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"Harm reduction hurts abstinence goals"

The Tired Narrative: 

Abstinence-based interventions have traditionally dominated America's addiction treatment industry. The ultimate goal of treatment is typically defined as long-term abstinence from all "mind-altering" drugs. Medication treatment like methadone and buprenorphine are described by "experts" as not "true" recovery. 

Harm reduction models, which aim to ensure that those who are using drugs do so in ways that are less risky to their health, are typically framed by the media as being in opposition to abstinence-models, or vice-versa. 

The Informed Narrative: 

Harm reduction interventions and abstinence-based models are part of a broad continuum of health care that needn't be framed in opposition to one another. Many harm reductionists are abstinent themselves; those who are abstinent also see value in harm reduction interventions. Though there are disagreements between people in both camps, they do not need to be dramatized or overblown.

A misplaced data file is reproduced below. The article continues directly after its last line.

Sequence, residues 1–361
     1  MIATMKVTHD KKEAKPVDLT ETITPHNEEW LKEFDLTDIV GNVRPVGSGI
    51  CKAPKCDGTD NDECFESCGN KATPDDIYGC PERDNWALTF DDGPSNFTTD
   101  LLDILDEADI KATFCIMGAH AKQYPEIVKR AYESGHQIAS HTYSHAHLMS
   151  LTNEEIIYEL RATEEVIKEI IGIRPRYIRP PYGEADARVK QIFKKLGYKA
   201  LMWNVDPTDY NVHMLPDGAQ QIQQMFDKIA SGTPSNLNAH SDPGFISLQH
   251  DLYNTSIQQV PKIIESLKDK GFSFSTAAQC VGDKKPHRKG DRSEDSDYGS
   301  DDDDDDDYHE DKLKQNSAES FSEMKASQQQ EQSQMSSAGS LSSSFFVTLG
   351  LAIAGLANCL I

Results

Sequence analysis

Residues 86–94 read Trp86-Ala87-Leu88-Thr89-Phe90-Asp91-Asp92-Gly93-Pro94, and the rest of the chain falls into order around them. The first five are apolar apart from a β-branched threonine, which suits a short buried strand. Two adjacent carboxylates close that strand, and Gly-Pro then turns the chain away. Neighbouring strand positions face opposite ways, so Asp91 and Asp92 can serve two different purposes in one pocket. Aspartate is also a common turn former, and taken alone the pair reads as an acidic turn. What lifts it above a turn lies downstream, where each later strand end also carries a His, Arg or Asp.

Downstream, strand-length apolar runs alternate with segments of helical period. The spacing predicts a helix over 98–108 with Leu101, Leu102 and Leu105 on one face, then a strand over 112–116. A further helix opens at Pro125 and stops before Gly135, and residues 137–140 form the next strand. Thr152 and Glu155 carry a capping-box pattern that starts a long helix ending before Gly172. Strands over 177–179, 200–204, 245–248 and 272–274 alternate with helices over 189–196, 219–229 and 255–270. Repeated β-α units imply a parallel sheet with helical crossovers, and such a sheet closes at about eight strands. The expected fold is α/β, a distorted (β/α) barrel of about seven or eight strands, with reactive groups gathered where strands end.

Furthermore, medication treatment such as methadone and buprenorphine meets several different definitions of "recovery." Saying otherwise stigmatizes people who are engaged in evidence-based treatment. 

 

WHY?

Framing abstinence and harm reduction as "warring camps" fuels the perception that communities working together to address drug use and overdoses are divided. It is important for the public to understand that treating addiction, like any other illness, requires people to find the path that works best for them. Many in harm reduction and abstinence-based recovery are currently working to the bridge the gap.

Connect with Expert Sources:

Louise Vincent, drug user activist, Reframe the Blame

Brooke Feldman, in recovery, social work